Orexo AB v. Actavis Elizabeth LLC
Having found no suggestion that the claimed limitations in the prior art should be selected and combined, and that defendant did not meet its burden of proof in doing so, the Federal Circuit reversed the district court’s obviousness finding.
September 10, 2018
Case Name: Orexo AB v. Actavis Elizabeth LLC, Fed. Cir. No. 2017-1333, 2018 U.S. App. LEXIS 25531 (Fed. Cir. Sept. 10, 2018) (Circuit Judges Newman, Hughes, and Stoll presiding; Opinion by Newman, J.) (Appeal from D. Del., Robinson, J.)
Drug Product and Patent(s)-in-Suit: Zubsolv® (buprenorphine and naloxone); U.S. Patent No. 8,940,330 (“the ’330 patent”)
Nature of Case and Issue(s) Presented: The ’330 patent discloses that opioid-based analgesics have become a source of addiction, dependency, and abuse. Treatment for opioid addiction includes a protocol called “substitution therapy,” where partial opioid agonists that have higher binding affinities at opioid receptors but produce lowered dependency than full agonists like heroin, can lead to cessation of addiction by relieving the opioid craving. The ’330 patent claims a sublingual tablet formulation that is less subject to abuse. The formulation enhances the agonist effectiveness of buprenorphine, permitting a reduced amount of buprenorphine in the tablet and thus reducing the amount available on dissolving and injecting the product. In this formulation, microparticles of buprenorphine are adhered to the surface of carrier particles of citric acid, and the formulation also contains naloxone in the 4:1 ratio. The buprenorphine in the microparticles acts with little interference from the naloxone, but if the tablet is dissolved in water for injection into the bloodstream, the naloxone will also be dissolved and will antagonize buprenorphine’s effects.
Orexo appeals the decision of the district court, which held asserted claims 1, 3-6, and 8-10 of the ’330 patent invalid as obvious. The Federal Circuit reversed on the basis that Actavis did not meet its clear-and-convincing burden.
Why Orexo Prevailed: In holding the ’330 patent obvious, the district court relied on the prior-art ’832 patent to show that “the use of citric acid with an interactive mixture would also improve bioavailability.” The ’832 patent is directed to replacing sublingual tablets with oral film, for possible advantage in administration. The Federal Circuit reasoned that there is no suggestion of the different structure of the Zubsolv tablet and its advantage in deterring abuse, and the the “Zubsolv structure is achieved solely upon the hindsight knowledge of the structure and benefits described in the ’330 Patent.”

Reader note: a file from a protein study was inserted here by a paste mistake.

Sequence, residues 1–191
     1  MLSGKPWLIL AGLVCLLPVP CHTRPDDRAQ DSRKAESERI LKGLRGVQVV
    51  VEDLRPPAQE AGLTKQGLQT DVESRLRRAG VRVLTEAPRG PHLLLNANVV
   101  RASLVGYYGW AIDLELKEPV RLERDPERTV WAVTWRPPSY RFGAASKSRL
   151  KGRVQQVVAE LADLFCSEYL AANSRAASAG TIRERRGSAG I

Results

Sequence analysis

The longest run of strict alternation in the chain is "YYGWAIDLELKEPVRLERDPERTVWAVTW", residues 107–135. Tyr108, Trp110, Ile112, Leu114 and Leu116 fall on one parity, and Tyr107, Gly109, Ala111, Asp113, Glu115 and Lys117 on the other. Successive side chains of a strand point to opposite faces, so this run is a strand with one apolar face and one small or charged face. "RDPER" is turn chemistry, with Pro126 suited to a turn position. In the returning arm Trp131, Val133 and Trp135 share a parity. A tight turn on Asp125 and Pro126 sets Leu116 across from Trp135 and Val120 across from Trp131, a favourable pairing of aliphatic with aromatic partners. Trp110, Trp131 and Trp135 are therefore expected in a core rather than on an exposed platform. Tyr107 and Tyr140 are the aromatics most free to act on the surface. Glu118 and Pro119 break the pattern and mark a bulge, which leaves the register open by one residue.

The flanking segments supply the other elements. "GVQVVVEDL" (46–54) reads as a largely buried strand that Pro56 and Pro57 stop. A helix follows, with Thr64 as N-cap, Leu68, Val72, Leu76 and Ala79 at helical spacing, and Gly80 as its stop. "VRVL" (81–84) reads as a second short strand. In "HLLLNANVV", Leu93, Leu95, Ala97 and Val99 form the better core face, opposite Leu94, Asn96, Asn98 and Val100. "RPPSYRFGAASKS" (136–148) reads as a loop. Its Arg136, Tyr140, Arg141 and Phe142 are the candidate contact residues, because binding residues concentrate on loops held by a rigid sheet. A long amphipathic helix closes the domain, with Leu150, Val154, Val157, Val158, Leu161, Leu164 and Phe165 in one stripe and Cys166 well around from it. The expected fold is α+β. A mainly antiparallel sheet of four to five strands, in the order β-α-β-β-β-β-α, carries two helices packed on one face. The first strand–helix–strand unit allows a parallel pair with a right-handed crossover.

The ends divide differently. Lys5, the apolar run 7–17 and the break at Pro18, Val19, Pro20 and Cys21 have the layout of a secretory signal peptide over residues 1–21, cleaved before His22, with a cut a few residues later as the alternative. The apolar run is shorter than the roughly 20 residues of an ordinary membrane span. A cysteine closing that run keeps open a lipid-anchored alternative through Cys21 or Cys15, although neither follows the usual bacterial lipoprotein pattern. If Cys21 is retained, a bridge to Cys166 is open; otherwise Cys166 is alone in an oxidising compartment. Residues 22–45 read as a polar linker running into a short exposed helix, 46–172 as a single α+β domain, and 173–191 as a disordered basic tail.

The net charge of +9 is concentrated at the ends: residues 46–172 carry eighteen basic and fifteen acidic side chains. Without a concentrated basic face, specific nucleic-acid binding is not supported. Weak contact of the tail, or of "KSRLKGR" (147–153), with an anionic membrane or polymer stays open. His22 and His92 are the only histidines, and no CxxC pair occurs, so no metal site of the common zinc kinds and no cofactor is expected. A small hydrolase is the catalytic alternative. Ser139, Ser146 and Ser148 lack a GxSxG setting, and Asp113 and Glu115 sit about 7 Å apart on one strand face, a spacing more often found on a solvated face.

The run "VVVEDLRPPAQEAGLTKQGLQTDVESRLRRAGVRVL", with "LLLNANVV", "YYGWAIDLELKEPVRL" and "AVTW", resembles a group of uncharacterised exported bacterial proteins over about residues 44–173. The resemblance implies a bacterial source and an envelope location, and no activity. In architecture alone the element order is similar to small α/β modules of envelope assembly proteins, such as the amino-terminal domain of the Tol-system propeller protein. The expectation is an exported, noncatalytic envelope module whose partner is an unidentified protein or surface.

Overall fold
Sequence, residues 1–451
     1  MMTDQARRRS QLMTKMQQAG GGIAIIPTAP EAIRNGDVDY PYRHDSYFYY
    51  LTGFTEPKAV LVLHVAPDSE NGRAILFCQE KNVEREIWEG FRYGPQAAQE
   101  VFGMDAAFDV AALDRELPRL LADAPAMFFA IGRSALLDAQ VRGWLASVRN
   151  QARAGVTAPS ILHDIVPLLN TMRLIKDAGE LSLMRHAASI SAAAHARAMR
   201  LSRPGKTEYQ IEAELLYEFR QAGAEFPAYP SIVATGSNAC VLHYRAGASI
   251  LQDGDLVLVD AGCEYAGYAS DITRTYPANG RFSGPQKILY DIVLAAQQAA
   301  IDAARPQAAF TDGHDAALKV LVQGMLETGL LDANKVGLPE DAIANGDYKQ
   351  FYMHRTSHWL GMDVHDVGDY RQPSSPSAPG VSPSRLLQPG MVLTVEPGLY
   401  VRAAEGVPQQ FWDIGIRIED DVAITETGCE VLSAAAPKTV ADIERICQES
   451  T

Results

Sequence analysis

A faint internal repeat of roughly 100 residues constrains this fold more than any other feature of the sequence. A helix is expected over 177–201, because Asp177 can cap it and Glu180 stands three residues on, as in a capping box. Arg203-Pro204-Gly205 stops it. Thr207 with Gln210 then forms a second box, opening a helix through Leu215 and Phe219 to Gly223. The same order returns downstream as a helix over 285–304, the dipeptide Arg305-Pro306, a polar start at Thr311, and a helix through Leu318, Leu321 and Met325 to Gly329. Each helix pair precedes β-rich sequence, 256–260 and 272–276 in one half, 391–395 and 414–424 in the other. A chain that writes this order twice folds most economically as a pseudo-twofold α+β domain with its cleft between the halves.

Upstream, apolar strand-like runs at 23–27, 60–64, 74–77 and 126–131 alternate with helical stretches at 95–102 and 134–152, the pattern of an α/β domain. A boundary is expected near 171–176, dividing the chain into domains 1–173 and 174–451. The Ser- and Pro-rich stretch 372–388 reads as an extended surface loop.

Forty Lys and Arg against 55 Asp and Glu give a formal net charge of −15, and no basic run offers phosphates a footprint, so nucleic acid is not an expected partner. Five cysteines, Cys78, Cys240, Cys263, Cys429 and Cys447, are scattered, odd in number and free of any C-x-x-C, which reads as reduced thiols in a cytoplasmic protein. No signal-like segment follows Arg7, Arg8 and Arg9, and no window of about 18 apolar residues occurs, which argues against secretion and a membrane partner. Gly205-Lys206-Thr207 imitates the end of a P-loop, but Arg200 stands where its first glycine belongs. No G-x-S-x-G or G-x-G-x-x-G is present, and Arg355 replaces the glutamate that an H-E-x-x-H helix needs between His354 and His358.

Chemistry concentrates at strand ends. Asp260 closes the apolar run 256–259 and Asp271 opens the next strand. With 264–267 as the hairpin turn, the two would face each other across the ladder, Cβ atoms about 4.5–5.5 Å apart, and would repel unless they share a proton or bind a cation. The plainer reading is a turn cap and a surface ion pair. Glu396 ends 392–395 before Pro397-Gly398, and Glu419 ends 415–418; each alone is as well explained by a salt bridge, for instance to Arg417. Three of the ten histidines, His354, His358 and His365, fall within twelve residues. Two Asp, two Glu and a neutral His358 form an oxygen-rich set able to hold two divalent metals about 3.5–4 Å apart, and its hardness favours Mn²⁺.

The district court also relied on the prior-art ’443 application for its disclosure of particles of buprenorphine adhered to carrier particles. But according to the Federal Circuit, the ’443 application does not mention citric acid in its extensive list of carriers, and does not suggest that citric acid carrier particles may provide benefits compared with the prior art. “These benefits were not predicted or suggested in any reference.”
Next, the district court cited the prior-art reference EP ’725 application for its general description of interactive mixtures as pharmaceutical formulations. But this reference “does not mention opioids, does not mention sublingual tablets, does not mention citric acid in its extensive list of carrier particles, and does not suggest the formulation in the ’330 Patent or its unexpected benefits.”
The Federal Circuit found that the product covered by the ’330 patent is admittedly new. “The question is not whether the various references separately taught components of the ’330 Patent formulation, but whether the prior art suggested the selection and combination achieved by the ’330 inventors.” Ultimately the Federal Circuit found that there is no suggestion that the specified elements in the prior art should be selected and combined, and that the designated sublingual formulation would be less subject to abuse than prior formulations for substitution therapy.
Finally, the Federal Circuit took issue with the district court’s analysis of secondary considerations. The district court erred in discounting the enhanced bioavailability in the ’330 patent’s formulation. The district court also discounted Orexo’s evidence that Zubsolv is less susceptible to abuse than Suboxone.
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